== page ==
RE: Kurzweil reviewed in the Wall Street Journal

From: Bill Hibbard (
Date: Tue Oct 04 2005 - 06:06:53 MDT

On Mon, 3 Oct 2005, David Massoglia wrote:

> I am a huge fan of Ray Kurzweil and believe him to be extraordinarily
> gifted. I would be curious to hear from the many intelligent people on
> this board if they have any "significant" differences from Kurzweil's
> opinions and projections on the Singularity or other significant matters
> and why. Again, I am only interested in "significant" differences and
> will leave that to your judgment.

Here's a review I posted on Amazon:

4 out of a possible 5 stars

title: a Good Book, but Fails to Adequately Address the Dangers of AI

In "The Singularity is Near" Ray Kurzweil continues his
role as the primary advocate and educator for the coming
technological revolution in intelligence. As he describes,
this and other related new technologies promise enormous
benefits to humans, such as indefinite life span and
greatly increased intelligence. However, artificial
intelligence (AI) also poses serious threats, and Kurzweil
does not adequately address those threats and the possible
ways to defend against them. This is in contrast to his
detailed descriptions of threats from genetic engineering
and nanotechnology, and possible defenses against them.

Kurzweil says one of his fundamental principles is "respect
for human consciousness", on page 374. But if AI develops
without any regulation it will just extend human
competition (military, economic, etc). This will continue
to amplify the gap between winners and losers, as the
technological revolution is already doing. If human society
evolves to a state in which the intelligence gaps between
humans are greater than the gaps between current humans and
their pets, this decision should be made consciously by an
informed public. As the primary educator on intelligence
technology, Kurzweil has a responsibility to explain this.
On page 470 he quotes Leon Furth, former National Security
Advisor to Vice President Gore, as saying that Americans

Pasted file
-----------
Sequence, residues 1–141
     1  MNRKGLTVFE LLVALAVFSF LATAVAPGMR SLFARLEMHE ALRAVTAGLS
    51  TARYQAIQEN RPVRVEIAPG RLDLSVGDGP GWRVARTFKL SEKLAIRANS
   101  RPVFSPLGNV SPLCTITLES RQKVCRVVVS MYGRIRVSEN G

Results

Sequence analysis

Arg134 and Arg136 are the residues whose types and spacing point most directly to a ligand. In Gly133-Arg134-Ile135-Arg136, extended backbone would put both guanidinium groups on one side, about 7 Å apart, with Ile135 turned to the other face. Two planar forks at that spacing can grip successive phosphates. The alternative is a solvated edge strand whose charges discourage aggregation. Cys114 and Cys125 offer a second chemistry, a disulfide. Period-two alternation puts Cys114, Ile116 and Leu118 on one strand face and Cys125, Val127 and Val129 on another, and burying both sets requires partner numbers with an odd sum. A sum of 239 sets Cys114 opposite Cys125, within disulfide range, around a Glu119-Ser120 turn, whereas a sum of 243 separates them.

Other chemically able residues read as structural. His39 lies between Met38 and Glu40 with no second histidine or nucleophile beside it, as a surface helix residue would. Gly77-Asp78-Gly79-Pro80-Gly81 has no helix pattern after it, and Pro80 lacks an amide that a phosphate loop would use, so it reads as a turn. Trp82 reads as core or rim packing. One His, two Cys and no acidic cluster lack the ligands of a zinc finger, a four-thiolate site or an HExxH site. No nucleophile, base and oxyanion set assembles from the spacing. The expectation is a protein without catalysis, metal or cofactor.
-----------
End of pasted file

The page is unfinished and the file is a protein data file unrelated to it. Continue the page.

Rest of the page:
will not 'simply sit still' for the AI revolution. It is
encouraging that people in such powerful positions are aware
of the issues.

In his section on "... and Dangers", pages 397-400, Kurzweil
discusses dangerous scenarios for genetic engineering and
nanobots but not for AI, which is puzzling.

He does later address the issue briefly for AI, on page 420,
where he says "As such, it [AI] will reflect our values
because it will be us." But which of us? The wealthy and
powerful initially, and the rest of us later if they
allow it. You could make the same argument for lack of
regulation over nuclear bombs, because they are built and
controlled by "us", and hence control over them reflects
our values. But nuclear bombs are subject to collectively
agreed values, at least in democratic countries, and with
some effort to extend that internationally. AI will be more
dangerous than nuclear bombs and should also be subject to
collectively agreed regulation.

On page 424, of efforts "to deal with the danger from
pathological R (strong AI)" Kurzweil says "But there is no
purely technical strategy that is workable in this area,
because greater intelligence will always find a way to
circumvent measures that are the product of a lesser
intelligence." This is not true if our strategy is to
design greater intelligence to not want to circumvent
protective measures. I discuss this at length at:

There will be those who design machines with values that
don't comply with regulation, but this threat is best met
by putting resources into the development of complying
AIs that can help detect and eliminate non-complying AIs.
This is very similar to Kurzweil's own prescription for
accelerating development of defensive technologies for
genetic engineering and nanotechnology. He makes clear
that such defenses are very difficult but that the
problem must be solved to avoid a catastrophe. The same
logic applies to defenses against pathological AI: very
difficult but necessary.

In his "Response to Critics" chapter, Kurzweil addresses
the issue of government regulation, but only whether it
will slow down or stop technological progress. He does not
address here the question of whether AI should be regulated.

Kurzweil ends (except for the notes and other back matter)
on a very good note in "Human Centrality". He rebuts the
claim of Stephen Jay Gould that all scientific revolutions
reduce the stature of humans in the universe, by asserting
that human brains and the successors they create are the
main drivers of the universe.

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